Contact Us Host an Event Volunteer Join

Q. Who is Mr. Smarty Plants?

A: There are those who suspect Wildflower Center volunteers are the culpable and capable culprits. Yet, others think staff members play some, albeit small, role. You can torture us with your plant questions, but we will never reveal the Green Guru's secret identity.

Help us grow by giving to the Plant Database Fund or by becoming a member

Did you know you can access the Native Plant Information Network with your web-enabled smartphone?

Share

Ask Mr. Smarty Plants

Ask Mr. Smarty Plants is a free service provided by the staff and volunteers at the Lady Bird Johnson Wildflower Center.

Search Smarty Plants
See a list of all Smarty Plants questions

Please forgive us, but Mr. Smarty Plants has been overwhelmed by a flood of mail and must take a break for awhile to catch up. We hope to be accepting new questions again soon. Thank you!

Need help with plant identification, visit the plant identification page.

 
rate this answer
1 rating

Thursday - November 17, 2011

From: Mason City, IL
Region: Midwest
Topic: Seasonal Tasks, Wildflowers
Title: Overwintering Texas bluebonnets
Answered by: Nan Hampton

QUESTION:

I planted Texas Bluebonnet and I want to know how to save them through the winter months. I think they are so beautiful. Can I cover them with something?

ANSWER:

If your bluebonnet is Lupinus texensis (Texas bluebonnet), it is an annual and its plants will die during the winter.  If you allowed it to drop its seeds, it could possibly grow again from them for next spring, although it is out of its natural range (see the distribution map from USDA Plants Database).  In Texas the tiny rosettes of the spring plants have already appeared from the seeds deposited in spring and summer.  They will overwinter and begin to grow taller after the warm spring rains and produce flowers in late March through the month of May.  The Texas bluebonnet grows as far north as Oklahoma where the USDA Hardiness Zones 6 and 7.  Since Mason City is in Zone 5a, the seeds may or may not germinate there.  If you grew your bluebonnets from seeds for this year, then it may work.  They should be in the ground by now, however.   Here is a a How to Article, How to Grow Bluebonnets, that gives more details.

As an alternative to the Texas bluebonnet, there is a beautiful lupine, Lupinus perennis (Sundial lupine), that is native to Illinois.  It is a perennial and blooms in May and June.  You can check our National Suppliers Directory for nurseries in Illinois that specialize in native plants that might carry seeds for the sundial lupine.  In a quick check I found that Wilson Seed Farms, Inc. in Tiskilwa, Illinois has seeds for sale.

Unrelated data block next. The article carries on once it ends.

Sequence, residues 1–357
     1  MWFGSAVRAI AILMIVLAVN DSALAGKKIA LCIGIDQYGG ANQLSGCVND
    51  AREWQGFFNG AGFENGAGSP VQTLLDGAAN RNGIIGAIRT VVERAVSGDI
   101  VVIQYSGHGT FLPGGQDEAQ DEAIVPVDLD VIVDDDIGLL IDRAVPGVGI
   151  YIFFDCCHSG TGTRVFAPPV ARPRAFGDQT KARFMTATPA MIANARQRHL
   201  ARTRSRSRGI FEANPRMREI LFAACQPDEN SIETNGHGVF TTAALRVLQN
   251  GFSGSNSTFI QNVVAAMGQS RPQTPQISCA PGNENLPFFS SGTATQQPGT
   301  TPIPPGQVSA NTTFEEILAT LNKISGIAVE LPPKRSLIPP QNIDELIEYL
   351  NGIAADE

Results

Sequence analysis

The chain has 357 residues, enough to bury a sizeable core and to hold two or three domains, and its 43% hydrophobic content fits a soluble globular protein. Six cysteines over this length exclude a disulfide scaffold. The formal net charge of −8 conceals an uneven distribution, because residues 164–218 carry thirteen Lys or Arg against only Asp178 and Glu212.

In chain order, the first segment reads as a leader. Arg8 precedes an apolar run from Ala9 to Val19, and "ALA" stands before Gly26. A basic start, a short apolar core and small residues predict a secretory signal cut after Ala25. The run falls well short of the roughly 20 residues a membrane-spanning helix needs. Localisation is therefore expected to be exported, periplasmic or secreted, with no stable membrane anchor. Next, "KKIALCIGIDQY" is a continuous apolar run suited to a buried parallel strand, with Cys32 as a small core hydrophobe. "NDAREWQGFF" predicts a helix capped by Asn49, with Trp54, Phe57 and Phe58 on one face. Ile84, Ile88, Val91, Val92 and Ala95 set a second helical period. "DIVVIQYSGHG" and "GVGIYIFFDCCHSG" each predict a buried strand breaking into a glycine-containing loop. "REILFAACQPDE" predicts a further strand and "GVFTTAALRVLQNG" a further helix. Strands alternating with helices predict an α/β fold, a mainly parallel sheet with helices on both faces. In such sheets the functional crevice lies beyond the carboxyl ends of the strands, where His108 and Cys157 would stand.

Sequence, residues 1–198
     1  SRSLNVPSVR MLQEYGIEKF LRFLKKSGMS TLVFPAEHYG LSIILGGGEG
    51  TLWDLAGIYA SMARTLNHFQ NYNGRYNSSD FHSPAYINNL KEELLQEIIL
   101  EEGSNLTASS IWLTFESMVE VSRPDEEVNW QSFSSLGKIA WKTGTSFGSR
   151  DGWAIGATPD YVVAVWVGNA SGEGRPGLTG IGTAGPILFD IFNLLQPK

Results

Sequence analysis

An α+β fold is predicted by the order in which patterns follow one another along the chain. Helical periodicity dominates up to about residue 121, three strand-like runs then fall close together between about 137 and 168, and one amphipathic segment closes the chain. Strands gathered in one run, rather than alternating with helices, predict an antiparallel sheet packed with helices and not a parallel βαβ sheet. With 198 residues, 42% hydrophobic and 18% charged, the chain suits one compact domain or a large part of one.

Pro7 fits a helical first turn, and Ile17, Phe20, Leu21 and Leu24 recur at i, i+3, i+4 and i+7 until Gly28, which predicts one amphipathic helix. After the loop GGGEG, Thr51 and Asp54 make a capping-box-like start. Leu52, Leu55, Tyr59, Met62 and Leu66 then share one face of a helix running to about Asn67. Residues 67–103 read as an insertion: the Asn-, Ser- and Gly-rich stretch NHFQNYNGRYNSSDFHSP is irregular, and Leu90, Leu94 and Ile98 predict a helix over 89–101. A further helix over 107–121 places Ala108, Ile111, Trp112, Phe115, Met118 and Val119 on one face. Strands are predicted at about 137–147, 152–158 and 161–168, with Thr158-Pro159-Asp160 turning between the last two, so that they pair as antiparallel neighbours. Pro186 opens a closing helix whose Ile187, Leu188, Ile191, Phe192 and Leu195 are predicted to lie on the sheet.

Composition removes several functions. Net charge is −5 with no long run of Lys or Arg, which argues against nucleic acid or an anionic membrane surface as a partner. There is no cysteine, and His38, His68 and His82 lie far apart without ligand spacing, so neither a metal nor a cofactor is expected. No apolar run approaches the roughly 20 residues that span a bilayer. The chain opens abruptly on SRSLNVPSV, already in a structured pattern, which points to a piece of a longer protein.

From the Image Gallery


Texas bluebonnet
Lupinus texensis

Texas bluebonnet
Lupinus texensis

Sundial lupine
Lupinus perennis

Sundial lupine
Lupinus perennis

More Wildflowers Questions

Seeding time for wildflower annuals and perennials in New York
October 27, 2006 - We have a large area of open land in front of our house and would like to dedicate part of it to wildflowers. I purchased some perenial seeds and would like to know if I can plant these this fall? T...
view the full question and answer

Flowers for sandy loam and sun in Fayette Co., Texas
May 15, 2007 - Hi I am looking to know what the best flowers are to plant in sandy loam and no shade?
view the full question and answer

Forecast for the 2103 bluebonnet season from West Columbia TX
January 30, 2013 - What is your current forecast for the 2013 TX bluebonnet season? What would be the best time for people coming from out of state to come to TX to see them? What areas are likely to have the best dis...
view the full question and answer

Castillea indivisa as Texas native Indian Paintbrush
February 05, 2007 - Upon researching the Texas Indian-Paintbrush I have satisfactorially come up with the latin name Castilleja foliolosa, funny thing is on the plants.usda.gov site it shows that this plant grows ...
view the full question and answer

Flowering plant for gravesite in Weatherford TX
June 23, 2013 - I want to plant flowering plant of some kind at parent's grave site in Weatherford, TX. The family cemetery is on a limestone hill with no irrigation or ability to water other than nature. Would on...
view the full question and answer

Support the Wildflower Center by Donating Online or Becoming a Member today.